Mark Zach was a member of the Nebraska State Patrol Retirement System. When Zach died in 2002, he was survived by his wife and seven children. Zach’s wife was the mother of four of his children; Zach’s three other children were from a previous marriage, and resided with their mother.
The System awarded a share of survivor benefits to all seven children. Zach’s wife, contending that the benefits should only have been shared among her children (which would have increased each child’s allocation), challenged the System’s decision in court. The Nebraska Supreme Court upheld the distribution of survivor benefits among all seven children.
The controlling statute could be read two ways. One provision of the statute clearly provides that only children in care of the “surviving spouse” were entitled to receive survivor benefits. Another section of the statute provided seemingly to the contrary that “if there is more than one child of the officer under the age of 19 years at the date of the officer’s death, the benefits shall be divided equally among such children.”
The Nebraska Supreme Court decided that the apparent conflict in the statute posed an ambiguity. The Court then turned to the legislative intent behind the statute. The Court found that “throughout the history of the statute, it is clear that the Legislature intended that a deceased trooper’s annuity would benefit his or her surviving children whether or not the trooper left a surviving spouse. When you’re guided by the Legislature’s original intent to provide benefits to the surviving members of the trooper’s family, it would be inconsistent with the intent of the Legislature to construe the statute so that Zach’s three dependent children residing with his former spouse would be completely cut off from this benefit simply because they were not in the care of his widow.”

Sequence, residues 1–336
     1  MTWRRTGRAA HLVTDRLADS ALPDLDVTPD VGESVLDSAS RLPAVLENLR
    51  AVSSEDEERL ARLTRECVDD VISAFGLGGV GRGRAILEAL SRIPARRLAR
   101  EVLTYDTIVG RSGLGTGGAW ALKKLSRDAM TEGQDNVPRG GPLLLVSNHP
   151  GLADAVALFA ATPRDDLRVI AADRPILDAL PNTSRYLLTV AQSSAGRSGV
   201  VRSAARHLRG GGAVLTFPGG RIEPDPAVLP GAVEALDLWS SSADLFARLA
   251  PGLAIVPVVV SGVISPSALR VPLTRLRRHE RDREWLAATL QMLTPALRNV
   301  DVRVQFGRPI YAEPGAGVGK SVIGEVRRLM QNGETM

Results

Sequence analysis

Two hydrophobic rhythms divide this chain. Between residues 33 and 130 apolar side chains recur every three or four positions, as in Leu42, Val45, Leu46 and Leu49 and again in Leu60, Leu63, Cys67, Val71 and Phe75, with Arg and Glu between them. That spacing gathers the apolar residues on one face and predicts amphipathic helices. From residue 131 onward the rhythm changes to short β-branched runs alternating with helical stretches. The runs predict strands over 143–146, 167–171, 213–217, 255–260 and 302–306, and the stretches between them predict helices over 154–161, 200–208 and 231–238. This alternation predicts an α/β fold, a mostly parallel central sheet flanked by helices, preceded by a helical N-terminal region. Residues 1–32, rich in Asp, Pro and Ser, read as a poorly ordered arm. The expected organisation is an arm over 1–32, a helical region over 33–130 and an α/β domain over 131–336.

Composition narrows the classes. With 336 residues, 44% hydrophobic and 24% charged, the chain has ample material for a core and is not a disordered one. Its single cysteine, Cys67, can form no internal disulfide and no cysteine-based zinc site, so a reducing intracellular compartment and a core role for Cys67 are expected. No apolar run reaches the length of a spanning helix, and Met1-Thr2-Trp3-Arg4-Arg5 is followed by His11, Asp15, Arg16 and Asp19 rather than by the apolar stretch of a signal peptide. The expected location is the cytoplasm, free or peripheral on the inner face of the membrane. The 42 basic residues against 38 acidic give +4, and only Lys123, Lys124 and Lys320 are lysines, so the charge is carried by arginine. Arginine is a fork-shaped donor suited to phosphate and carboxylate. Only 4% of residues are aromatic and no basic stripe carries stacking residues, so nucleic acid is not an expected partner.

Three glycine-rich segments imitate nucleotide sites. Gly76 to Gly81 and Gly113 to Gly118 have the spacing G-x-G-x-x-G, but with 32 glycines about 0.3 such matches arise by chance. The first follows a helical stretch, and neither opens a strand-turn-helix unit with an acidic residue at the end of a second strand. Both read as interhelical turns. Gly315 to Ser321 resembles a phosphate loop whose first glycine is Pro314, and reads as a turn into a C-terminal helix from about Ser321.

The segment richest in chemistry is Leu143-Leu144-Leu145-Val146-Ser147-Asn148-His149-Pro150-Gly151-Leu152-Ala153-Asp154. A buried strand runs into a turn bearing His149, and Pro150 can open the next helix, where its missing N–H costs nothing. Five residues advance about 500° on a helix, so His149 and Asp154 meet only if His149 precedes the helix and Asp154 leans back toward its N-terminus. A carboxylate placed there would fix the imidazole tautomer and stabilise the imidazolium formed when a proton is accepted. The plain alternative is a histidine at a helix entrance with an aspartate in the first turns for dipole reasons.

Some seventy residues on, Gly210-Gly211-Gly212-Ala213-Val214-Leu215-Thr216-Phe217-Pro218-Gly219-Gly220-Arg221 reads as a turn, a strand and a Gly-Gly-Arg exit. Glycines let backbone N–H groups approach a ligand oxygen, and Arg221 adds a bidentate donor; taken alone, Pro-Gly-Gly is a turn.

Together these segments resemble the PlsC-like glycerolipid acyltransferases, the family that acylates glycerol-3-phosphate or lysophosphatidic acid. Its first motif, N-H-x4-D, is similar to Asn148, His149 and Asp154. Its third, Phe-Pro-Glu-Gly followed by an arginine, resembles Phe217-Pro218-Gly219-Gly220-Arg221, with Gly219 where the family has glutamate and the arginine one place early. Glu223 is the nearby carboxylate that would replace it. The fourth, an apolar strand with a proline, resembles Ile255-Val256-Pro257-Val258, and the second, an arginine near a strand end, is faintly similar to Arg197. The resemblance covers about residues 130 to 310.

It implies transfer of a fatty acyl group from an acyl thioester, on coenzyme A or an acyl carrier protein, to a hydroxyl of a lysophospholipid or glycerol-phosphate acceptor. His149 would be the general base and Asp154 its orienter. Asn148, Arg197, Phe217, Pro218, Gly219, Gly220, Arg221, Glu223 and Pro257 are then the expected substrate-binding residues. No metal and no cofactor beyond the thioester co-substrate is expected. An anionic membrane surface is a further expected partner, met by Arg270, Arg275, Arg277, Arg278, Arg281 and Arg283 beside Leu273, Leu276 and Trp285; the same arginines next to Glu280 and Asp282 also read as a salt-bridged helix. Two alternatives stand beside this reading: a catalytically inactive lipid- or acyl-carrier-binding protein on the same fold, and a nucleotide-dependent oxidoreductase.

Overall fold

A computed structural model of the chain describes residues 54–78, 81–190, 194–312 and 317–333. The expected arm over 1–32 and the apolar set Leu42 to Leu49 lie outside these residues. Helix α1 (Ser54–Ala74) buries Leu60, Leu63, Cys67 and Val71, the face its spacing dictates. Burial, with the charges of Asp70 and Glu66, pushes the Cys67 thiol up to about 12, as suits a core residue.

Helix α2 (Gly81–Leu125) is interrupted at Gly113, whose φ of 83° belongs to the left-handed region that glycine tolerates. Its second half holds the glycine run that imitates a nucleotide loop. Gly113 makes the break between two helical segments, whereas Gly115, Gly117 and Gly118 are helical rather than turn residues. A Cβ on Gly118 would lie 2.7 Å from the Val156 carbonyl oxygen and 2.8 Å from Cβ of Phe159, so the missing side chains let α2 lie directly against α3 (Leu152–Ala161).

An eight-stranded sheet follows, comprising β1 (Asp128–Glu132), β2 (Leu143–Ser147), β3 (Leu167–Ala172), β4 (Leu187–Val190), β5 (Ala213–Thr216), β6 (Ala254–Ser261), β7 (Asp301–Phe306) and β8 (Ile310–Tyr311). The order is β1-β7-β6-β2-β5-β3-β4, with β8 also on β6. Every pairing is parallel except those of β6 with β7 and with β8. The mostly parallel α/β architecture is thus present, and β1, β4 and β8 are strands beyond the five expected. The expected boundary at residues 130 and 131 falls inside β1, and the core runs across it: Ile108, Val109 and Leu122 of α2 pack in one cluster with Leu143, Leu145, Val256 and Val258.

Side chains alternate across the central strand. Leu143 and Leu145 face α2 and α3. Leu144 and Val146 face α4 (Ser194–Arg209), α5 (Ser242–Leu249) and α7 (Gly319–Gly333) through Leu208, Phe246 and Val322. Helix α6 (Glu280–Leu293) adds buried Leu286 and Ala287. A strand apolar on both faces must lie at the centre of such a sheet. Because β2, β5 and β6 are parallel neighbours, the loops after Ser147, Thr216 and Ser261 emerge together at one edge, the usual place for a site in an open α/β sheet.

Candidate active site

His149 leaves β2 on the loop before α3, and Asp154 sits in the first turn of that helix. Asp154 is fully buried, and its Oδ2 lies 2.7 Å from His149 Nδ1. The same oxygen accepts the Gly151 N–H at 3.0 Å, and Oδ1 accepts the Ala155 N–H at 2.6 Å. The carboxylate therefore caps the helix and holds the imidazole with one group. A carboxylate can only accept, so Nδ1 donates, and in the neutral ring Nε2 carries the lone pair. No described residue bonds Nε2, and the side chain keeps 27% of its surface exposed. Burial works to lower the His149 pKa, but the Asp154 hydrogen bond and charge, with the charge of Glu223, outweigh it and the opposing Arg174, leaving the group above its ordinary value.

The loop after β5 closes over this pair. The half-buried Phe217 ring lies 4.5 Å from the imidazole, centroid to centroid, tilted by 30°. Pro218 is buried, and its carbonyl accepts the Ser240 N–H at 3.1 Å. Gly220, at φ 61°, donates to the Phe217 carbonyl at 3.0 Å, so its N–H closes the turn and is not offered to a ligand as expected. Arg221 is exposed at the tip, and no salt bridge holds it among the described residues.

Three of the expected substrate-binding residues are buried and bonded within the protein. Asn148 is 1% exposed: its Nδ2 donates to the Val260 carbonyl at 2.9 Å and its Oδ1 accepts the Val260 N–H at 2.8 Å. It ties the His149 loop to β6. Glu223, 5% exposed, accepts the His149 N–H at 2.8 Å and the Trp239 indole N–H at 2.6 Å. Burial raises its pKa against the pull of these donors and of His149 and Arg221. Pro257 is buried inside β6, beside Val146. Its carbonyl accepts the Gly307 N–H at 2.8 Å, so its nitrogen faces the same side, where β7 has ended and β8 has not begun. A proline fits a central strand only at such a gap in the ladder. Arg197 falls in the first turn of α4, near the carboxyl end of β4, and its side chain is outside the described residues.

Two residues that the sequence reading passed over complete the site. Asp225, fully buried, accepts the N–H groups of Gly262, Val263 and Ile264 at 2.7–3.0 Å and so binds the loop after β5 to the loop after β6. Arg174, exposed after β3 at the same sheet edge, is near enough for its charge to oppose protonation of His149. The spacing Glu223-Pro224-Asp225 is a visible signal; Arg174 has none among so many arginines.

Zach v. Eacker, 716 N.W.2d 437 (Neb. 2006).
This article appears in the September 2006 issue